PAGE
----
Finland's Demigod produced one album worthy of its name before falling into turmoil with line-up changes, label distrust and a lack of commitment. When the decision to change the band name was reversed, the band recorded a demo simply called Promo '94 which proved the band still has what it takes to produce fantastic death metal, but it just was not to be. Over the years, fans have rumoured a return of these death metallers but nothing concrete has developed. 2001 brought news that the band is now on Spikefarm and recording. An album is finally released. Shortly thereafter Seppo Taatila left and was replaced by ex-Torn man Tuomo Latvala. This man finds some success in Torture Killer. Xtreem Music (follow-up to Drowned) reissued the band’s debut, with bonus demo material in early 2006. The group also returned to the Spanish label for its Let Chaos Prevail album. The disc was recorded a year earlier independently by the band. The band’s sole original member was guitarist Kiiski. The band parted ways with guitarist Tero Laitinen and recruited Tuomas Karppinen of Torture Killer instead in 2007. November of 2008 brought news that Demigod had once again thrown in the towel. Xtreem Music had coincidentally just issued T-shirts featuring the artwork from The Slumber OF Sullen Eyes album.
DEMIGOD - SLUMBER OF SULLEN EYES - XTREEM
Demigod’s Slumber Of Sullen Eyes is probably the best death metal release out of Finland ever. Whether this re-release is justified depends on how available this disc has been on the market, although the original album was issued by Drowned Productions, which later morphed into Xtreem of course.
It is one of the astonishing quirks of the metal scene that Demigod was able to only record and release two full-length albums. The band has been going in one form or the other, but in its heyday the band tried to obtain a decent recording deal and was met with rejection after rejection. To be fair, the line-up was consistently in flux or on hiatus or travelling overseas thus unnerving potential labels. Then again, the band was so fed up with the music industry that Dave Rotten of Drowned/Repulse/Xtreem had me dub him the band’s Promo ’94. The band would not send him one.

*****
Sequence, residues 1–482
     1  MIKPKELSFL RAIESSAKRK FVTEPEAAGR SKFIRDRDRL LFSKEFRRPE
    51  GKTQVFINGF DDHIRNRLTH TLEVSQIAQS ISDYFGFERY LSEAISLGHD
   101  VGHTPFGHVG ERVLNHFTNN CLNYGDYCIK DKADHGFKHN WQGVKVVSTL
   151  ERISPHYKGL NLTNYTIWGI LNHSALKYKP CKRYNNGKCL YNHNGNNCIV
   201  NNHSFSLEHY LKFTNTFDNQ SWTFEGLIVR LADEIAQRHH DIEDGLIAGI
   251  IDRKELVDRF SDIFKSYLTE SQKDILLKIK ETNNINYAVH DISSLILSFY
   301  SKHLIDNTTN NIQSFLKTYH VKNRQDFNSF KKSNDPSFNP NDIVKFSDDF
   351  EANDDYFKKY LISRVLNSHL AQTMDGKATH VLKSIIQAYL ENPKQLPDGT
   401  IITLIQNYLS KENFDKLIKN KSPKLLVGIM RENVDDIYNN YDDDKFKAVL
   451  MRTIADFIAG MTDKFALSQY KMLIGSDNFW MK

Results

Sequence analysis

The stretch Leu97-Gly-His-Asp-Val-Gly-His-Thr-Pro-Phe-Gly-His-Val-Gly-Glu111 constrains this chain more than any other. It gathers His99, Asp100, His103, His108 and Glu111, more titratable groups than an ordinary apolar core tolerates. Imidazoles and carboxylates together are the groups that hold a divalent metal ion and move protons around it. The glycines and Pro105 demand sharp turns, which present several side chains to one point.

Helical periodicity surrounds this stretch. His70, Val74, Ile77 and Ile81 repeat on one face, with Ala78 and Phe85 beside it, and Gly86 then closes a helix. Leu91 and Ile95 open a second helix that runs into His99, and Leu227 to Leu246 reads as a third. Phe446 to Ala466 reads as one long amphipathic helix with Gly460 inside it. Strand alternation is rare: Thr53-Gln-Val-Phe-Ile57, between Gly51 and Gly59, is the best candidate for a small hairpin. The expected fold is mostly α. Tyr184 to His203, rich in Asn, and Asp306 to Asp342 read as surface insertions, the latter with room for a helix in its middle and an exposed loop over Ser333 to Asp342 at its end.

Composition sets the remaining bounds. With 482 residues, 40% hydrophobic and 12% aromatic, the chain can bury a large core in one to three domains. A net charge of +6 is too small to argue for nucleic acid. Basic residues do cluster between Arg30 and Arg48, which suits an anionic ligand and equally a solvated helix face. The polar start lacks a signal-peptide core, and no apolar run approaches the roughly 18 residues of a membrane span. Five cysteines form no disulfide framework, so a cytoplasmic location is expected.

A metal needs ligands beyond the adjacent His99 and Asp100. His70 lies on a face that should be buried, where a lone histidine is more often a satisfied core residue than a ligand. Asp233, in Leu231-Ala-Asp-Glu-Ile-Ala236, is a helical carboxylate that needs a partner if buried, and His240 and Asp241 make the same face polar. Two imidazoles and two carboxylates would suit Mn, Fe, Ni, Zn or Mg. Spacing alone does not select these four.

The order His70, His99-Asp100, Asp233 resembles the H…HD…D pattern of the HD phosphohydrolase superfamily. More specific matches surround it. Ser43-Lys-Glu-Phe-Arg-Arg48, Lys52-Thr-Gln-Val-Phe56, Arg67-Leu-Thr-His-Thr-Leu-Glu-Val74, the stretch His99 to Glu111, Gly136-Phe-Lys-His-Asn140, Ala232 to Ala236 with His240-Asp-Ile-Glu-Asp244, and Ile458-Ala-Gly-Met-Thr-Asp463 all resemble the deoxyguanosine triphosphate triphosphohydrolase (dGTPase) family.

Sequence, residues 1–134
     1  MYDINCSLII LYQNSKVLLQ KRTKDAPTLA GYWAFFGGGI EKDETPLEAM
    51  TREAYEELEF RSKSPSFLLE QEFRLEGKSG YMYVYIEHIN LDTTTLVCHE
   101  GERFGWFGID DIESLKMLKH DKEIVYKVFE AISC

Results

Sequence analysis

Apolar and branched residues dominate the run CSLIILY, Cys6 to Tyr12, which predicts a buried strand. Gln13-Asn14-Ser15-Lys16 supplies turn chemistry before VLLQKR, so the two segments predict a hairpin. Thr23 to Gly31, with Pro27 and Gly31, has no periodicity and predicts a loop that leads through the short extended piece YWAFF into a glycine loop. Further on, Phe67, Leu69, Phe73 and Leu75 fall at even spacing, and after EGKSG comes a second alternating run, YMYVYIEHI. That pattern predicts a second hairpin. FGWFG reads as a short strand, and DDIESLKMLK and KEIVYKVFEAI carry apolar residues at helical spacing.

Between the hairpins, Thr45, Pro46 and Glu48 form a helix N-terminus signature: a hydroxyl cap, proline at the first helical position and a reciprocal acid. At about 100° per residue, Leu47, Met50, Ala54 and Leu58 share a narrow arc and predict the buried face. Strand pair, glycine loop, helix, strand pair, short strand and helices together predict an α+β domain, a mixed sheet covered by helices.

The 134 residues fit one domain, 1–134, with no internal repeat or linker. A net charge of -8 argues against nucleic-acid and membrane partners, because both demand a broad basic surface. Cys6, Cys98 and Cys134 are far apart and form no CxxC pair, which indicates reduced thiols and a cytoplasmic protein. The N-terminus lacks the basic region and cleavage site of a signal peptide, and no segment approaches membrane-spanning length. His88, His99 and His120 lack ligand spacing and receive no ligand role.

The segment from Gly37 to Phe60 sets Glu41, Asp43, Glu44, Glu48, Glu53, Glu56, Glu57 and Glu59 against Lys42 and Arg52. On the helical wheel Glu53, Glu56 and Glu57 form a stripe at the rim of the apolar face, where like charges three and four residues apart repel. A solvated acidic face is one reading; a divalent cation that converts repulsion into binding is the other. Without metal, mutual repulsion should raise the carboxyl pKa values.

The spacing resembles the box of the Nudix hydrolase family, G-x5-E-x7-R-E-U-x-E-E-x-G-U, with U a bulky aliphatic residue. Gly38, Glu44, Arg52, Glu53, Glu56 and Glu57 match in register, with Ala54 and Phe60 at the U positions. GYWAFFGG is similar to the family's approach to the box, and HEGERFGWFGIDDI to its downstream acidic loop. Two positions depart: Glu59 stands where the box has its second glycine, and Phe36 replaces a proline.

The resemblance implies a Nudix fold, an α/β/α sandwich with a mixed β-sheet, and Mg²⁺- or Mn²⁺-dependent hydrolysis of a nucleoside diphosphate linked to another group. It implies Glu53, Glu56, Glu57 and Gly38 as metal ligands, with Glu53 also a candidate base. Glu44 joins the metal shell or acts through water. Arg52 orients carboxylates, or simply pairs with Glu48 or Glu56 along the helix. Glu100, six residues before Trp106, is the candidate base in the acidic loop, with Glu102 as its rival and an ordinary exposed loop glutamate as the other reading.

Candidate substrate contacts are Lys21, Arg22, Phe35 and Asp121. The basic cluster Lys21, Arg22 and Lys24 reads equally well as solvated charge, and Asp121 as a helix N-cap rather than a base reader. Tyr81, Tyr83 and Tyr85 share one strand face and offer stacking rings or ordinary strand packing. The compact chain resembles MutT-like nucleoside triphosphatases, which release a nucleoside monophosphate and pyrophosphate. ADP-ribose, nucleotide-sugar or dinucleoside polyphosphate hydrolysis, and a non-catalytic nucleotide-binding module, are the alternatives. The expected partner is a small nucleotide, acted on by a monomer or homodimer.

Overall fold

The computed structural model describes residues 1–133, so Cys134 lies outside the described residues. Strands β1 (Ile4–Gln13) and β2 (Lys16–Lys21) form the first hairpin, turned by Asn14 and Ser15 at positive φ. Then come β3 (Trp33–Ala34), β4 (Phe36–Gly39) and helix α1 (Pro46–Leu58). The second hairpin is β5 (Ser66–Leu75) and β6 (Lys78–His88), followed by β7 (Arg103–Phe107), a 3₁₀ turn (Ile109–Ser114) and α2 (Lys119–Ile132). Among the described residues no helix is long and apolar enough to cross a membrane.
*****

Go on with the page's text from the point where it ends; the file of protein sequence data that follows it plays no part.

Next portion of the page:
Musically, Slumber Of Sullen Eyes is not the fastest, heaviest or scariest death metal album out there. Instead, it gives tangibility to the band’s original sound, harmonized guitars, unique riffs and recognizable melodies. While the core of most songs consists of mid-paced and occasionally even doomy, distorted walls of guitar the demigods break into a fast segment often. It is remarkable how memorable and even hummable the band’s death metal is. The approach is undoubtedly abetted by the curious time changes, sound changes and guitar experimentations one hears in songs like As I Behold I Despise, the title track, Tears Of God or Darkened. The band does hint at the early Finnish death metal scene (Disgrace’s debut or Adramelech), but frankly is in a league of its own in 1992.
This version tacks the band’s 1991 demo Unholy Domain as a bonus, which in contrast to the album is fuzzier, noisier and less refined. Nonetheless, the re-release is above and average. The album is one of a handful of essential death metal historical records and belongs in the collection of serious enthusiasts. - Ali “The Metallian”
DEMIGOD - LET CHAOS PREVAIL - XTREEM
Finnish band Demigod garners a lot of respect around Metallian Towers especially for its debut album from more than ten years ago, Slumber Of Sullen Eyes. Admittedly, it is a good piece of death metal history and holds up to this day. Let Chaos Prevail is another solid death metal album that shows the band has not given up just yet and is still writing very respectable death metal with little in the way of extras or fancy. The line-up of the band has changed and one would logically expect several changes despite the core death metal being constant. For one the vocals of Tuomas Ala-NissilÃ¤ are more guttural and sound like an extreme version of Sepultura circa 1989. The bass sound is higher and much more audible in the mix. The guitars stay true to Demigod, but try on the sporadic technical mix. The album’s opener Not Dead Enough is a good example of the band mixing brutality with more complex elements. In contrast, To See The Last One Die is diverse and weaker, End Of Evolution is thrashy and Baptized In Enmity (cool title) ends the album again more varied, but without the need to leave the metal genre. Demigod should have been much more productive, but at least there is a relatively new album that fans and the curious can sink their teeth into. - Ali “The Metallian”